FILED: August 4, 1999

IN THE COURT OF APPEALS OF THE STATE OF OREGON

In the Matter of the Marriage of
TERRI ANNE BARNHART,

Respondent,

and

JOHN DAVID BARNHART,

Appellant.

(C963956DR; CA A101433)

Appeal from Circuit Court, Washington County.

Timothy P. Alexander, Judge.

Argued and submitted February 25, 1999.

Paul G. Dodds argued the cause for appellant. With him on the brief was Brownstein, Rask, Arenz, Sweeney, Kerr & Grim, LLP.

Thomas A. Bittner argued the cause for respondent. With him on the brief was Schulte, Anderson, Downes & Aronson, P.C.

Before De Muniz, Presiding Judge, and Haselton and Linder, Judges.

DE MUNIZ, P. J.

Remanded with instructions to enter modified judgment terminating spousal support seven years from January 1, 1998; otherwise affirmed.

DE MUNIZ, P. J.

Husband appeals from a dissolution judgment challenging the amount and duration of spousal support awarded by the trial court. We review de novo, ORS 19.415(3), and modify the judgment.

The parties were married in 1987 and had one child, who was seven years old at the time of trial. Husband and wife, both in their mid-thirties at the time of trial, have degrees from the University of Oregon. After graduation from college, wife worked for five years, earning $30,000 per year, and, in 1990, quit working when the parties' child was born. Wife has since returned to work as a real estate agent and earns approximately $1,500 per month. Husband is a salesman for and minority owner of LPM Systems. The trial court found that his monthly income was $7,800. Both parties are in good health.

The only matter for the court to resolve at trial was the amount and duration of spousal support. Following a trial on those issues, the court entered a judgment that, inter alia, required husband to pay spousal support in an initial amount of $1,800 per month and, after several interim stepped-down payments, indefinite spousal support of $500 per month.

Husband argues that the amount and duration (indefinite) of the spousal support award are excessive. We reject without further discussion husband's argument regarding the amount of the spousal support award and address only the trial court's sua sponte award of indefinite support at $500 per month.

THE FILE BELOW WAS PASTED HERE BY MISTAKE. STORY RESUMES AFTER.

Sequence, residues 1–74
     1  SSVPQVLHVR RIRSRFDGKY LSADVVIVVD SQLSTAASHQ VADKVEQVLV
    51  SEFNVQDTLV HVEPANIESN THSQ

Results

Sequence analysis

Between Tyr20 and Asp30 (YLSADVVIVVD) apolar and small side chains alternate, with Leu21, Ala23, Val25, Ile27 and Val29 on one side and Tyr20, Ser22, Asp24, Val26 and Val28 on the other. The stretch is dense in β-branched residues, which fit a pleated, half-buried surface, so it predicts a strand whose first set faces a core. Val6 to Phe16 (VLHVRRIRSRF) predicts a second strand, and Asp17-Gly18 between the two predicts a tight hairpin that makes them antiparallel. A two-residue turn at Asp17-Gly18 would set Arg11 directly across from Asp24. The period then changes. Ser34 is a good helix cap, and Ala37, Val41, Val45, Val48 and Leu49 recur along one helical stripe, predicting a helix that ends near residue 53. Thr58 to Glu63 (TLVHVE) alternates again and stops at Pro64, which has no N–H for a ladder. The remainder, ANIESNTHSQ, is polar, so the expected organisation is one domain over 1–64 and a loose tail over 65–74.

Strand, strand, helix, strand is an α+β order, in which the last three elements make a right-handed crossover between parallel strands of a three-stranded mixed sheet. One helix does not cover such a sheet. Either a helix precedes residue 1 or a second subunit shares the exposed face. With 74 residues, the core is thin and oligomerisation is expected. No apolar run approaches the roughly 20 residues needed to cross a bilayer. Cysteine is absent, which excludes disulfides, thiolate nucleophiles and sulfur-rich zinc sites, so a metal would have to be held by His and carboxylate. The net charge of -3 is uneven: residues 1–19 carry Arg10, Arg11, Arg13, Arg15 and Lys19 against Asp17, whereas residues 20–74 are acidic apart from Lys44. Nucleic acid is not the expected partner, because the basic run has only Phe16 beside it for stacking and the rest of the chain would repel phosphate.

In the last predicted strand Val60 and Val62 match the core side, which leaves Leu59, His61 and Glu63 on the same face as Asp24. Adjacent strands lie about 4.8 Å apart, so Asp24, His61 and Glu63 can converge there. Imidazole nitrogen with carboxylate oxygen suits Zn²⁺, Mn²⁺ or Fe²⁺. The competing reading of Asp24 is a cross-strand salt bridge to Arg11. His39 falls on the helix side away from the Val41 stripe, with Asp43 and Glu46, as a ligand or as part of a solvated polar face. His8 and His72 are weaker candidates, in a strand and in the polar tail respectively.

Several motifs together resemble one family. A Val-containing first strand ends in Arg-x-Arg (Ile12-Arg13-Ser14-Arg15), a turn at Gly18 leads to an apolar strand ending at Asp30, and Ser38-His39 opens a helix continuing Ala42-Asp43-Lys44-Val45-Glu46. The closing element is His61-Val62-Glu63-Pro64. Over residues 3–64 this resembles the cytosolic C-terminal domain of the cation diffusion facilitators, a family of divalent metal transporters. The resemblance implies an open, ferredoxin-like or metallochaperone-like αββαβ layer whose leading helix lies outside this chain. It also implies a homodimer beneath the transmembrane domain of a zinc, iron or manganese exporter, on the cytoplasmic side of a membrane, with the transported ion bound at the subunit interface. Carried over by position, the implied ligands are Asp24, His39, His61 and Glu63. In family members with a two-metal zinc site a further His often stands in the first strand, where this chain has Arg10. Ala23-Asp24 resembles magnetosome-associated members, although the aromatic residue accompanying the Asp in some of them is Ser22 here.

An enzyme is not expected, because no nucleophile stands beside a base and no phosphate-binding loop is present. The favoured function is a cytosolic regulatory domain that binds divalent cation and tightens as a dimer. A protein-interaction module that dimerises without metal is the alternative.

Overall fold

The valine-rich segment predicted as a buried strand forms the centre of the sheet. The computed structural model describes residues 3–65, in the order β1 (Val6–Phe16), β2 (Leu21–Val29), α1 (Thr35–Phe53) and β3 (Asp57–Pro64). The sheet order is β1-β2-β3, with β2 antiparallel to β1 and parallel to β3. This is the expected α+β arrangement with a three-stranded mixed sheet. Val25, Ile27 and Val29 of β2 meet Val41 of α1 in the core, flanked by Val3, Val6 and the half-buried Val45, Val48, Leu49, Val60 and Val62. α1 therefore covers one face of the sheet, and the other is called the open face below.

In determining the duration of a spousal support award, our goal is to arrive at a period of time that is "just and equitable," taking into account both need and ability to pay, keeping in mind the statutory mandate that the support dependency relationship end within a reasonable time. ORS 107.105(1)(d); Christiansen and Christiansen, 123 Or App 412, 416, 859 P2d 1192 (1993). We consider a number of factors in the determination of the duration of support, including the health, earning capacity, employment skills and work experience of each party and the extent to which the earning capacity of a party is impaired because of extended absence from the job market to attend family needs. Id.; Robinson and Robinson, 125 Or App 244, 247, 865 P2d 411 (1993).

Wife is young, 37 years old, and in good health. She is a college graduate with prior significant work experience and has now returned to the work force as a realtor. Although her current income is modest, considering her education and good health, she should be able to obtain self sufficiency within a relatively short period of years. Further, although wife has custody of the parties' child, the child now attends school, and after-school care is provided by the child's maternal grandmother.

Under the circumstances, an award of indefinite support is unwarranted. We do agree, however, that support is required for a period of time sufficient for wife to reestablish herself in a career. We agree with the trial court's step down payment method and with the amounts. However, we find that the $500 per month award should continue for an additional two years, through December 31, 2004. Seven years should provide wife with sufficient time to reestablish her business career and is just and equitable under the circumstances.(1)

Remanded with instructions to enter modified judgment terminating spousal support seven years from January 1, 1998; otherwise affirmed.


1. Because we have rejected husband's argument with regard to the amount of spousal support, we have no occasion to reexamine child support.

Return to previous location.


Top of page Go home

divider line

State of Oregon Seal Updated: 08/04/1999
Web authoring by Print Services